Employees in private equity firms can expect higher bonuses by year-end, research from a compensation consultancy has found.
PE professionals could see as much as a 5 percent increase in incentives and equity compared with last year, according to a report from New York-based Johnson Associates. Healthy fundraising levels – especially from several US mega-buyout funds – coupled with the industry’s stable performance, should drive the rise.
The 2019 Financial Services Compensation report also found a growing practice among private equity firms to delay and differentiate carry allocations. Firms that participated in the study are awarding between 20 percent and 25 percent of carry allocation per year versus the typical 80-85 percent awarded upfront.
Across the alternatives industry, employees in real estate firms and hedge funds are also expected to see their incentives rise by as much as 5 percent. Investment and commercial bankers, on the other hand, could see their bonuses decrease between 5 percent and 10 percent as banks downsize. The downward trend is mainly due to a drop in underwriting and trading activity.
Geopolitical tension, interest rates and market volatility continue to be key factors that will determine 2019 incentives, the report noted.
One managing director of a London-based executive search firm said data on compensation in the industry is difficult to ascertain.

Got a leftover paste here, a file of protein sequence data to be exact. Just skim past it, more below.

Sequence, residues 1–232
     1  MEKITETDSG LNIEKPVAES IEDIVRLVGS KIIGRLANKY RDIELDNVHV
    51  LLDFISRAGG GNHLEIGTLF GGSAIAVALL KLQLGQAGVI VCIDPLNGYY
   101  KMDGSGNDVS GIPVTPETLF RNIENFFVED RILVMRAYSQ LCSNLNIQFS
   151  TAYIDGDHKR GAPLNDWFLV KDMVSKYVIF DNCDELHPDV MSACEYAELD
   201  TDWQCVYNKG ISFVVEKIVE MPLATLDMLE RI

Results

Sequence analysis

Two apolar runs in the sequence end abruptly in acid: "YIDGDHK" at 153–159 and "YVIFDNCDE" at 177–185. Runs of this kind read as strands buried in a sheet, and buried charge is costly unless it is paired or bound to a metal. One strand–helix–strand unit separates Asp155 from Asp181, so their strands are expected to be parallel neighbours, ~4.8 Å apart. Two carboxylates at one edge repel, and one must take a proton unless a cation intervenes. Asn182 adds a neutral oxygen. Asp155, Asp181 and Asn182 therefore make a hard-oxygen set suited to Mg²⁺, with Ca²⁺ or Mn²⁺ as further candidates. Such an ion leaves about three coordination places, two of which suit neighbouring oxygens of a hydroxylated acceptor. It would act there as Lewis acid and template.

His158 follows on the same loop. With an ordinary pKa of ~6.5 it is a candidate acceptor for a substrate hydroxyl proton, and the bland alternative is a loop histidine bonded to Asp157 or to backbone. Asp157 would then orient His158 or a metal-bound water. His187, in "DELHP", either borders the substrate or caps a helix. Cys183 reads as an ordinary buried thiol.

“Private equity bonuses are hard to get useful data on and to say PE is getting a 5 percent increase is simply a generalisation,” the MD said, highlighting that there is a wide variation among funds.
According to research by consultancy firm Holt and sister publication Buyouts published last month, median salary for partners at North America private equity and venture capital firms increased 11 percent year-on-year to 2019. Partner salary and bonus shot up 13 percent, while salary, bonus and carried interest rose 30 percent.
The managing partner of a New York-based recruitment firm said the size of a firm’s fund typically determines employee compensation. Firms with funds larger than $7 billion always pay bonuses “in the top bucket”, while mid- to smaller sized funds do not – especially if they are struggling with fundraising.
“While the markets are strong, I don’t think compensation is accelerating this year as it might have been for 2018,” the managing partner said.
For the finance industry in 2020, incentives for employees will moderately decrease as competition, product shifting and fee levels squeeze average performers, Johnson’s report noted. Downsizing is also expected to continue affecting operations, low/mid-level technology and middle management.
Some firms may also experience difficulty in creating value and see a “bubble” in wages of high-end technology and analytics professionals. Movement out of New York, Boston and San Francisco is also expected due to high business costs, individual taxes and housing, according to the report.
– Adam Le contributed to this report.